5 years on from the referendum, no end in sight for Brexit – POLITICO
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LONDON — Half a decade after the referendum that electrified British politics, Brexit just won’t go away.
The fifth anniversary of the vote to leave the European Union lands on Wednesday amid the prospect of an early snap election in Northern Ireland, a vote that could become a mini-poll on post-Brexit trading arrangements.
Getting Brexit done was Boris Johnson’s main goal when he became U.K. prime minister in 2019. In a relatively low-key statement for a famously exuberant leader, Johnson said Tuesday night: “The decision to leave the EU may now part of our history, but our clear mission is to utilise the freedoms it brings to shape a better future for our people.”
Other players in the Brexit saga are also choosing to mark the moment. The Best for Britain lobby group, which campaigned for a second Brexit referendum and now supports “the closest possible future relationship” with the EU, plans to project “messages of hope” onto buildings in the heart of Brussels on Wednesday night, alongside the names of citizens who voted to stay in the EU or now regret voting Leave.
But if there’s one place where the anniversary will be most acutely felt, it is in Northern Ireland. There unionists continue to bitterly oppose the Northern Ireland protocol, post-Brexit trading arrangements which place the region within both the U.K. and the EU internal markets, at the expense of checks on goods arriving there from Britain.
The resignation of the anti-protocol Democratic Unionist Party’s (DUP) leader Edwin Poots after just three weeks at the helm increases the chances of a Brexit-dominated snap election for the Northern Ireland Assembly this fall — months before the expected date of May 2022.
Jeffrey Donaldson, the veteran DUP politician who is set to be installed as the party’s new leader unopposed this weekend after nominations for the position closed Tuesday, has vowed to oppose the post-Brexit checks carried out between Britain and Northern Ireland.
Simon Coveney, Ireland’s foreign affairs minister, warned any early election could become a “referendum” on the Northern Ireland protocol. He fears an election campaign in Northern Ireland this summer, following a tense annual protestant marching season on July 12, would only create fresh instability.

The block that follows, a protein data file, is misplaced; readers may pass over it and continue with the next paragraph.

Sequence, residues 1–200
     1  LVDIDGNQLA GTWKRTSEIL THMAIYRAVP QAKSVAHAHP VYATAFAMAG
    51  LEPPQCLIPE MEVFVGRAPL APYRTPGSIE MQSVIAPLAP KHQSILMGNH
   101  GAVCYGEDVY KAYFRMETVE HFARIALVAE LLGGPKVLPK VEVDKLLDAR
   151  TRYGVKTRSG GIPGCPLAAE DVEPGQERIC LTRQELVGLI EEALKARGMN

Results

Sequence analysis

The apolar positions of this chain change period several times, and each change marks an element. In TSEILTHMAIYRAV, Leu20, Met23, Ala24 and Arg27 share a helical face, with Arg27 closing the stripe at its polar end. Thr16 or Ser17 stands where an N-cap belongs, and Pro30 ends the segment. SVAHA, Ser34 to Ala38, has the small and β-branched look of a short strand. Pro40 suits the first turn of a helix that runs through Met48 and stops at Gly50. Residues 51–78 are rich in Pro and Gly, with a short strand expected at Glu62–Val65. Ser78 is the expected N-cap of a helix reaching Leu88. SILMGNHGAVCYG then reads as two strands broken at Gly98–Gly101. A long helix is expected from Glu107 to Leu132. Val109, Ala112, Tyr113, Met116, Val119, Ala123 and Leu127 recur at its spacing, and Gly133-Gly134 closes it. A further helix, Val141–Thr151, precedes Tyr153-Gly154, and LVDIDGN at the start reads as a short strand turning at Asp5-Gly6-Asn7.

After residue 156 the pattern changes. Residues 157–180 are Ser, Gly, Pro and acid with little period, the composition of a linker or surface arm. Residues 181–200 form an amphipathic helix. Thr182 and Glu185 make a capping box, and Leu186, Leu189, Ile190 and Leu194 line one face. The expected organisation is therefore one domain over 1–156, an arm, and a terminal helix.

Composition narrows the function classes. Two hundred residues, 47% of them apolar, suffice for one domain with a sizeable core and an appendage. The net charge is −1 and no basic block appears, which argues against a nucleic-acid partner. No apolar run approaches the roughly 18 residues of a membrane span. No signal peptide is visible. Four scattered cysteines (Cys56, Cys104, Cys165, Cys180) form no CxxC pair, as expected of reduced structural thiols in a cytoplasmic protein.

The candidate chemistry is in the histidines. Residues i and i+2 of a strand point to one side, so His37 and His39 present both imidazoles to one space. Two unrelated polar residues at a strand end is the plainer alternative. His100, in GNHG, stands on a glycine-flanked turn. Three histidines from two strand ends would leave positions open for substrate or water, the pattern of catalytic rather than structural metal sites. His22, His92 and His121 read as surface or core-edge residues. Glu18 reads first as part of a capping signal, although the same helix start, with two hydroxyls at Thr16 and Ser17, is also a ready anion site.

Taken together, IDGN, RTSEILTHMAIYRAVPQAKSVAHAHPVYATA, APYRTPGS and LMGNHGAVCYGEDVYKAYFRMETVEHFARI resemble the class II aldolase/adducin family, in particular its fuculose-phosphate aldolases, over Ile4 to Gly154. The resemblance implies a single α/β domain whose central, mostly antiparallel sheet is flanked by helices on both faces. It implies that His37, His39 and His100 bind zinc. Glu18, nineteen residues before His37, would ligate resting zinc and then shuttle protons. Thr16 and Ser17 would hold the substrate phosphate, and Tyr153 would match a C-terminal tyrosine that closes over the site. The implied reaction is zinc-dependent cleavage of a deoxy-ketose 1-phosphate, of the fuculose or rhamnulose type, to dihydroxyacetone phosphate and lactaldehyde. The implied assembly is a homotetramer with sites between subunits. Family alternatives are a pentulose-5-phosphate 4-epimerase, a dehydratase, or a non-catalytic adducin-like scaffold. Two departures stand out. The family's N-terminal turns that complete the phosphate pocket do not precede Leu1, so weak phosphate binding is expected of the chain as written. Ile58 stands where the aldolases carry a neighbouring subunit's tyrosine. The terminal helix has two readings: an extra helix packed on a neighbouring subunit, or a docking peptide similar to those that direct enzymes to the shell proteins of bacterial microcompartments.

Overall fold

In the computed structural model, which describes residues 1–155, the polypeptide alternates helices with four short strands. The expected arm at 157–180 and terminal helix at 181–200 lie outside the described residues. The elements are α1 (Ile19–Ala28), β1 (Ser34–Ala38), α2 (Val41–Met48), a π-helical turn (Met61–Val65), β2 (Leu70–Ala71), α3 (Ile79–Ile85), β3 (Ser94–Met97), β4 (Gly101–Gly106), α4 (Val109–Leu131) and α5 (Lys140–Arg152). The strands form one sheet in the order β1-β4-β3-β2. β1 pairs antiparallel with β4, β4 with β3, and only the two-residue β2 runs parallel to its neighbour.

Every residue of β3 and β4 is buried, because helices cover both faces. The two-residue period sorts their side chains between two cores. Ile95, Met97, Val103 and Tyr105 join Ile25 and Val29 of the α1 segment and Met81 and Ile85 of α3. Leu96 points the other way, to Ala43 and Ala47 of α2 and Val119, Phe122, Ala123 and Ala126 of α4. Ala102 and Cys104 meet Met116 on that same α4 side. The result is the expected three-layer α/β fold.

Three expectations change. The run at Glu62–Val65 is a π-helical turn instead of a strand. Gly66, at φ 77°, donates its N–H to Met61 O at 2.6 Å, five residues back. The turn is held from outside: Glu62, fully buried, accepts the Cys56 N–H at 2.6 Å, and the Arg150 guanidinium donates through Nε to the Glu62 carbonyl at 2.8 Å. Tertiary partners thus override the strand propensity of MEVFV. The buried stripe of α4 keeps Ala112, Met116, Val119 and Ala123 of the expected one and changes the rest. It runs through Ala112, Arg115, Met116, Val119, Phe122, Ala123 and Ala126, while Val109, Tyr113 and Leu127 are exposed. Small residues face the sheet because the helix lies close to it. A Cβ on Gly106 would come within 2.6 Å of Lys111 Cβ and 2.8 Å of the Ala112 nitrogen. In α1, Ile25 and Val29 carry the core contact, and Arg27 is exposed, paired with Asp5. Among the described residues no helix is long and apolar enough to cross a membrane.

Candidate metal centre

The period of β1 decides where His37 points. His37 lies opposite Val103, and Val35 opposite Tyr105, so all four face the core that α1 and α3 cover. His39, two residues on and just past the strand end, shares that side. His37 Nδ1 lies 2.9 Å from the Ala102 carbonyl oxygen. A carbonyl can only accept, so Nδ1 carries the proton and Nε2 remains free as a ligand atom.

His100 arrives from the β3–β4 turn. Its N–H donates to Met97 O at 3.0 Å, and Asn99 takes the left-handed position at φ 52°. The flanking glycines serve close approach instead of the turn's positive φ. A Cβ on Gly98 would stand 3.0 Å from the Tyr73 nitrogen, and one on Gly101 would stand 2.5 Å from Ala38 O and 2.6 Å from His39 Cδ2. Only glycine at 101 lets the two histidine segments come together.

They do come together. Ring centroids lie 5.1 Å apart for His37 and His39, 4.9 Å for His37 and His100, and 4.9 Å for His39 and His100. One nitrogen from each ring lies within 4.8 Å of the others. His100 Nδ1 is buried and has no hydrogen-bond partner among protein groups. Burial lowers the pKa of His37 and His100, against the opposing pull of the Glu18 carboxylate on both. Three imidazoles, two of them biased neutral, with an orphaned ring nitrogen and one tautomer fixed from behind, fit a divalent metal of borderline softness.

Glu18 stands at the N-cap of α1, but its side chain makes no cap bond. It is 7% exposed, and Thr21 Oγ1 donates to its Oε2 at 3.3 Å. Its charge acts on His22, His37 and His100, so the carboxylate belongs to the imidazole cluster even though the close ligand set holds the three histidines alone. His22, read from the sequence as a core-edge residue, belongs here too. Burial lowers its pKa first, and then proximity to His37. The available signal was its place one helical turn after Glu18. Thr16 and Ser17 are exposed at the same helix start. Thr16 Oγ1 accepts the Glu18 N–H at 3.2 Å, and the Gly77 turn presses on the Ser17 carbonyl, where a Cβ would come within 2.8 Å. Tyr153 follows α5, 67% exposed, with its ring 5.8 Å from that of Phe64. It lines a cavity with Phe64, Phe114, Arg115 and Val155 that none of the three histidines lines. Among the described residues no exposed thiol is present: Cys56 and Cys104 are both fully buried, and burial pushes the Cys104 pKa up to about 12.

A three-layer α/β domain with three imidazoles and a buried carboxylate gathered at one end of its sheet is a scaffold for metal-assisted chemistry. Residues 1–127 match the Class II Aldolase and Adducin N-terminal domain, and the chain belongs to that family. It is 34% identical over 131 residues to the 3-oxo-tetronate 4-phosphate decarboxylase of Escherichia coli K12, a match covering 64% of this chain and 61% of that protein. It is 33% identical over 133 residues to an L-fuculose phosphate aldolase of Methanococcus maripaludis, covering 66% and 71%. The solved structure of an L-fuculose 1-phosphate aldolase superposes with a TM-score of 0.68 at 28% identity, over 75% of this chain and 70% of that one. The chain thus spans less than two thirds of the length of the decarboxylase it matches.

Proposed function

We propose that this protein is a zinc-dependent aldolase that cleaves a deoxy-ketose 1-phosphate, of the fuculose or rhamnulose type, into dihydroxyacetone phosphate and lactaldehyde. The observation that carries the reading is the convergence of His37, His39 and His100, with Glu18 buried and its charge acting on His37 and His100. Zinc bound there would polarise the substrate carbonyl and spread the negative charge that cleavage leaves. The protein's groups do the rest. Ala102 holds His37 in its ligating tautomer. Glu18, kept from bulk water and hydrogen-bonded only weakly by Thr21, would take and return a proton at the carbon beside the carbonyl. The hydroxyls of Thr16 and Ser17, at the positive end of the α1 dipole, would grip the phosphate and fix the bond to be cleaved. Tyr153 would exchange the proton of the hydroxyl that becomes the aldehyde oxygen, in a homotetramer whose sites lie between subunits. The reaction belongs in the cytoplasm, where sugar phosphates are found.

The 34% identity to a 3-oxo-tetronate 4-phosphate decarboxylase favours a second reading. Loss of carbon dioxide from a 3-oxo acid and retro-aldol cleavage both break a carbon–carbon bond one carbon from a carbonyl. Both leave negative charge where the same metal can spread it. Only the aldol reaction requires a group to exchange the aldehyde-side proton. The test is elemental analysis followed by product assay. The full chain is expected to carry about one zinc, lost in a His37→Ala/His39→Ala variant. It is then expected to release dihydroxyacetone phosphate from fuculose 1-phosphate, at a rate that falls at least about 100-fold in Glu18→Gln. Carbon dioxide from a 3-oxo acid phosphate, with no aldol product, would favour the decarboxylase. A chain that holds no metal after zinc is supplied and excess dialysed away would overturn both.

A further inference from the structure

“The idea that we introduce an election in the middle of all of that, in the short term, which in some ways would be a referendum on the protocol and some of the issues of division we have seen, means that the election would be based on polarization and division as opposed to focusing on policy change and governance to deal with problems in Northern Ireland,” Coveney told RTÉ last week.
The DUP and other unionist parties have pledged to ditch the protocol at the earliest opportunity. Unionists aim to win enough seats at Stormont to be able to withdraw the Northern Ireland Assembly’s support for the post-Brexit arrangement at a consent vote provided for in the Brexit Withdrawal Agreement (due by December 2024 at the latest.) Yet Sinn Féin, the republican party that supports the Northern Ireland protocol as a necessary solution to the border issues created by Brexit, is polling strongly — a fact that might make the DUP hesitate rather than pushing for an early poll.
Katy Hayward, a professor of political sociology at Queen’s University Belfast, said that in any looming election, the people of Northern Ireland are likely to back a candidate that supports their views on the protocol. That’s borne out by a survey she carried out in March together with colleague David Phinnemore.
“Everybody in Northern Ireland — whether they are Leavers or Remainers, unionists or nationalists — feel that they’ve been hard done by Brexit and they also think that the other community has done better than they have,” she said. “So unionists not just think that they have been betrayed by the British government with the protocol but also that nationalists have benefited from it — i.e. that the all-Ireland economy is protected to some degree.”
Yet despite some unionist assembly members portraying the 2024 consent vote as an opportunity to get rid of the protocol, in reality the vote will only affect articles 5-10 of the arrangement. These set out the new controls in Northern Ireland ports and the trade of wholesale electricity across the island of Ireland. If the Assembly withdraws its consent for this part of the protocol, the EU and the U.K. government will then have two years to negotiate new trade arrangements — all of which sounds strikingly familiar.
“We would in essence be back to the tricky problem that dogged the Brexit negotiations,” Hayward said.
Esther Webber contributed reporting.
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